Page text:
A British university has fined a student for creating a dating Web site to make love connections between library patrons, arguing that it brought the institution “into disrepute.” The student has disabled the site, saying he feared further punishment if he left it operational.
The site, called FitFinder, allowed students studying in university libraries to flirt online by posting messages proclaiming their attraction. It was an instant sensation. Its debut coincided with the study period for final examinations in Britain, when university libraries were filled with students looking for distraction, and use of the site spread quickly from University College London, where it began, to institutions across Britain.
Within four weeks, it had a presence at more than 30 universities, but it had also generated controversy, with some students complaining about the offensive tone of some messages. FitFinder drew the attention of administrators at University College London, where Richard Martell, who founded the site along with two unnamed classmates who have remained behind the scenes, is a final-year student. He was summoned by the dean of pastoral care, the equivalent of the dean of students, who informed him of the university’s displeasure.
“Basically, they said they didn’t like the site and wanted us to take it down,” Mr. Martell says of that initial session, adding that the dean told him the institution had received complaints from a number of other universities. “I said we want to work with the university—tell us what you don’t like, tell us how we can improve it,” is how Mr. Martell describes his response. The site remained up and he was called in for another meeting. “They gave me an official warning and a fine, saying we’re fining you, we’re asking you to take the site down, and if you don’t pay the fine, we are going to withhold your degree.”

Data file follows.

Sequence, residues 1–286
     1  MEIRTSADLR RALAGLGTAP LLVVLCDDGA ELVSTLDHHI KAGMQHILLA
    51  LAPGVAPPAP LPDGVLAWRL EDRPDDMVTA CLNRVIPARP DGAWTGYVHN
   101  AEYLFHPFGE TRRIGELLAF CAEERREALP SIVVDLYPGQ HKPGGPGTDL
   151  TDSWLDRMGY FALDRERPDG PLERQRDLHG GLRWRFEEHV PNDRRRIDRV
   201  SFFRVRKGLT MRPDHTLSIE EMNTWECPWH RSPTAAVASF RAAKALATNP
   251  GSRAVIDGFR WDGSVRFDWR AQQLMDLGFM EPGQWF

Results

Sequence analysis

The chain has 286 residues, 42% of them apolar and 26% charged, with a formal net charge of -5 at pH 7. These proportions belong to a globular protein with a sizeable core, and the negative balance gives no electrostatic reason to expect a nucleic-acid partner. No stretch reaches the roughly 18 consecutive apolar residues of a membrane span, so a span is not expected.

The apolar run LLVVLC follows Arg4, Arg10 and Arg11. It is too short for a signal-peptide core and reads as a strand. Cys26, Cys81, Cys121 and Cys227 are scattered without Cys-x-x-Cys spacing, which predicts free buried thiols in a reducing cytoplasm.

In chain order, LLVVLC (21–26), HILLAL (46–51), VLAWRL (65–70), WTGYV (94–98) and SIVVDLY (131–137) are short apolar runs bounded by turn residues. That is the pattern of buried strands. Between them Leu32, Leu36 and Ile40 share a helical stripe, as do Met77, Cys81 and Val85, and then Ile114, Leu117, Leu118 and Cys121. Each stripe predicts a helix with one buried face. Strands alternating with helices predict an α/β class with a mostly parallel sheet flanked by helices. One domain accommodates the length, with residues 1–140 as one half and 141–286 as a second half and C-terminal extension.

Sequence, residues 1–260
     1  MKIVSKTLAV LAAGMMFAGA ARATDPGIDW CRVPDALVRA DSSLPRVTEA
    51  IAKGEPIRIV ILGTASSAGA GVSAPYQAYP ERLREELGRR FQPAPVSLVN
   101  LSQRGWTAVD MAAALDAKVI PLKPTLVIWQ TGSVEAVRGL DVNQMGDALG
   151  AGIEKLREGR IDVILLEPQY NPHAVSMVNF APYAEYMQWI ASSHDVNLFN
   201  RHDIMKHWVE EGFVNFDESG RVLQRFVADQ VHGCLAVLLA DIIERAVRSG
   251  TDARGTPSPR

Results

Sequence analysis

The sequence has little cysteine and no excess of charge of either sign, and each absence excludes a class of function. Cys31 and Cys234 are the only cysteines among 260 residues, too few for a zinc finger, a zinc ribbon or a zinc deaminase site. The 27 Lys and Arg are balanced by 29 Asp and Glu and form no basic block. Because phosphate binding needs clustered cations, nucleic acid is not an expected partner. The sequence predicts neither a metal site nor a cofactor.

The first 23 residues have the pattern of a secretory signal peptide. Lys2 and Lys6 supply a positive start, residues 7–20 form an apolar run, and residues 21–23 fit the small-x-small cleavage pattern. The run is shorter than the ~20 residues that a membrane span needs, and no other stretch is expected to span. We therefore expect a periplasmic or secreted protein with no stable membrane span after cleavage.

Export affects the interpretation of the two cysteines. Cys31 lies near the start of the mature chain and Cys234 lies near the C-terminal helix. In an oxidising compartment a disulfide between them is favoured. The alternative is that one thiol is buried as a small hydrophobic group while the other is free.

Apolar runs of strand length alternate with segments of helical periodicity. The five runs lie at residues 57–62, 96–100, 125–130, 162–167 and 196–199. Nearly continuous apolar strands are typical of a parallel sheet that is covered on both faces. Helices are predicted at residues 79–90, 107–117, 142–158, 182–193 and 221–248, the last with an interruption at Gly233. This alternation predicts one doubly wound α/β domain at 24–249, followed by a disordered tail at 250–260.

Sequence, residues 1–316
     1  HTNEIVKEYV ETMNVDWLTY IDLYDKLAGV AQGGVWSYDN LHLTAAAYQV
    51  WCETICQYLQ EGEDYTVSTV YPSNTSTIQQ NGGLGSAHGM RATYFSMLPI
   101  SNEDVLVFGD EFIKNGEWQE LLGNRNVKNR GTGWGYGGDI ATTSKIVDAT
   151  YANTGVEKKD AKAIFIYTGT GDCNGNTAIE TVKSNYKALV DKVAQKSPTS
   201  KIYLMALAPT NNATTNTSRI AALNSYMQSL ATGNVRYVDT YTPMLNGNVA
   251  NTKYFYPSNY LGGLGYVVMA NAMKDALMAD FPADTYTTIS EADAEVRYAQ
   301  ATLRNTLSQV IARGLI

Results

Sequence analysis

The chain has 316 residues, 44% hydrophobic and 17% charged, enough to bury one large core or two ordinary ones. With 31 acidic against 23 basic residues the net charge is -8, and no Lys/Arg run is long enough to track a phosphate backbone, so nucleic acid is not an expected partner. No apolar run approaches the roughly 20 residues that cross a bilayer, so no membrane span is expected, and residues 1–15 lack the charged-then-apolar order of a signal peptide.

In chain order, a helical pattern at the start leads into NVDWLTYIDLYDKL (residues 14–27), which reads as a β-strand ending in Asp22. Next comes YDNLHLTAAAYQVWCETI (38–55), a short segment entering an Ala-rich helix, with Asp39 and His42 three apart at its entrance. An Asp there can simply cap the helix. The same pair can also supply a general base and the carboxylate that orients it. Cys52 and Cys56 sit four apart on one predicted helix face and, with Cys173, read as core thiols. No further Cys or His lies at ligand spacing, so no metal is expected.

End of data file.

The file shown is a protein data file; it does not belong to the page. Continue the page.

University College London released a statement of its own, saying it “advised the student to take the site down, but he has declined to do this. UCL has no jurisdiction over the site, as it is not UCL-hosted.” It said the student was disciplined for “bringing the college into disrepute.”
Not wanting to further jeopardize his graduation prospects—he has completed all his coursework and taken his final exams, but still not received his degree—Mr. Martell took down the site. He paid the fine of £300, or $435, the university’s maximum financial penalty.
Instead of the stream of flirtatious—and occasionally vulgar—messages with which students had been able to distract themselves from their studies for the past few weeks, the site now features a forlorn message informing readers that “we have decided to remove FitFinder, BUT we hope this is only temporary.”
Mr. Martell’s immediate priority is to obtain his degree, he says: “If I weren’t still a university student, if this was two months down the line, it would be different.”
More than 6,000 people have signed a petition of support for the site since word of its troubles began to emerge, Mr. Martell says, and he thinks the university’s response will ultimately backfire. “I pulled it down on my own accord because I wanted to comply with them, but now it has worked against them and has angered people,” he says. “This has almost brought them more into disrepute than I did in the first place.”